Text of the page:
Mr Fisher was thanked in Parliament in the UK by Dominic Raab, justice minister, for helping to craft a mechanism in the incoming Criminal Finances Act 2017 that enables the freezing of assets belonging to individuals involved in human rights abuses. The centre, part of Mr Fisher’s firm Bright Line Law, also made a submission to the UK Treasury on new anti-money laundering regulations concerning the abuse of discretionary trusts — what Mr Fisher has called the “money launderer’s vehicle of choice” because of the anonymity and opacity they entail.

“In 2008 the world’s financial markets came very close to meltdown and we need to make sure it doesn’t happen again,” says Mr Fisher. “If you believe in the free market economy and a capitalist system, you have to look after it and make sure it isn’t abused.”

As a result, criminal law should be used to force companies to improve their culture and take their responsibilities seriously, he adds. “Criminal law is there to protect against harm — not just from being beaten up, but harm to the investing public when they are being ripped off. That is not by everybody, but in 2008 we saw some very poor corporate failures.”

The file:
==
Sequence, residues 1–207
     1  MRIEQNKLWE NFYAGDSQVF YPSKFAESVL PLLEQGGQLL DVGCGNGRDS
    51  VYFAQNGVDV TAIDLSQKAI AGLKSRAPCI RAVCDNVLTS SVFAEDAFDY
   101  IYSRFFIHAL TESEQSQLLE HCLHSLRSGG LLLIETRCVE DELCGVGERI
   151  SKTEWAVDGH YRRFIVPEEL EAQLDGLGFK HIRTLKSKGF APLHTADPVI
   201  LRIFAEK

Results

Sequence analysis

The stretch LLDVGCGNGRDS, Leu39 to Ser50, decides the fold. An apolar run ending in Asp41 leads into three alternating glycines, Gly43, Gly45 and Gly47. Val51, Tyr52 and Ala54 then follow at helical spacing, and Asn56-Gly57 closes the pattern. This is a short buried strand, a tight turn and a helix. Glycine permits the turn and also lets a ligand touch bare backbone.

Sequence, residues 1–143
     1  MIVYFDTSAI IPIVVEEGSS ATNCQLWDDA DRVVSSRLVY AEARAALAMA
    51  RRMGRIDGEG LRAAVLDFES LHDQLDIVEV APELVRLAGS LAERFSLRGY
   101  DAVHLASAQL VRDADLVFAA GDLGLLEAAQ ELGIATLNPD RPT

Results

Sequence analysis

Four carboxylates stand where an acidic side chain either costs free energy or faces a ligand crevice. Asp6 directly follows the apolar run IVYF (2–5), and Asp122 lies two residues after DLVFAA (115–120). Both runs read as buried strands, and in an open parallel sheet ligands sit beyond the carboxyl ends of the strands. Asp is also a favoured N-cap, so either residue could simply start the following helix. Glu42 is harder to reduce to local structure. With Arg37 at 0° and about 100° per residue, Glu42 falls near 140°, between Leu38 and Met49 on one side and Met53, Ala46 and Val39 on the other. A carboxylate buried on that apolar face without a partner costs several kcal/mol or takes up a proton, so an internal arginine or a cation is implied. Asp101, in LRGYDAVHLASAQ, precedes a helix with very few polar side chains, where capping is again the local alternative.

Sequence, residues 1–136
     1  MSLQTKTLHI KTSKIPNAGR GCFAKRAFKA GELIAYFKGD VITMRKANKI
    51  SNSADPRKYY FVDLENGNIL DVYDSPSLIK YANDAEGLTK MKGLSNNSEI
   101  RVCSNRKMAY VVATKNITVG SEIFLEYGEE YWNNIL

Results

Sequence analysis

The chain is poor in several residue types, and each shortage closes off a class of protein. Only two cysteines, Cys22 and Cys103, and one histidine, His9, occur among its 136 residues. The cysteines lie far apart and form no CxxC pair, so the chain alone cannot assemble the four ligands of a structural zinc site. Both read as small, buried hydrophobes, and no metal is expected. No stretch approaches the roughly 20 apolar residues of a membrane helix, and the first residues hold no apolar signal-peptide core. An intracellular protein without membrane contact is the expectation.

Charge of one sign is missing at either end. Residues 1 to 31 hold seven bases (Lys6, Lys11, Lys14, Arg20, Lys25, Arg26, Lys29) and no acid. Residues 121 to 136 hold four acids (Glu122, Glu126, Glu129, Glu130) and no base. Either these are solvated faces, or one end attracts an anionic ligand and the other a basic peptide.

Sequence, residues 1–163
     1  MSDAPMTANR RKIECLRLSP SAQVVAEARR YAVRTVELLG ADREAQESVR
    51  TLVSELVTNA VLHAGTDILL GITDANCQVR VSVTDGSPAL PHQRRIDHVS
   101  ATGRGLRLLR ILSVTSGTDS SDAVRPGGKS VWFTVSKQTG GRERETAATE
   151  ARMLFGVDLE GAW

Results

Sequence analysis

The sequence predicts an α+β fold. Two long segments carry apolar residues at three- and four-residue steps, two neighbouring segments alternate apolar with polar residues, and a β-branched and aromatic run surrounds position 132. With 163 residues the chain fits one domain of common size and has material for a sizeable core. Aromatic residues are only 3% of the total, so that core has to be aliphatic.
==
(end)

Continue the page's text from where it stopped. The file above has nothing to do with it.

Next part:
Mr Fisher acknowledges the counter-argument that advocates of a free market “should not be deploying the law more than absolutely necessary. But events have shown over the past 10 years that it is absolutely necessary because plainly people are not [improving corporate culture] voluntarily.”

Children’s rights

Whereas Mr Fisher’s initiative aims to help frame incoming legislation, a new project from the London-based Aire Centre (Advice on Individual Rights in Europe), a human rights charity, promotes awareness of laws and treaties among professionals working with children who are separated from their families.

With its Separated Children in Judicial Proceedings Project, the centre has spent two years assembling lawyers, judges, child protection experts and others to explore the rights of children in cases of, for example, relocation, abduction and asylum.

“Because of the work that we do in several different fields in European and international law, we realised that practitioners who were experts in family law, forced abduction, asylum, people trafficking or prisoners’ children, all knew their own field well,” says Nuala Mole, founder and senior lawyer of the Aire Centre. “But [they] knew very little about fields of law that were tangential and applicable to the areas in which they worked.”

The Aire Centre seeks to increase awareness of relevant legislation such as the European Convention on Human Rights, the European Social Charter and the UN Convention on the Rights of the Child, as well as to encourage experts to share their knowledge and experiences.

It is also using the project to prepare a manual for judges and others to act as a “checklist” of concerns in any case that is likely to have an impact on children.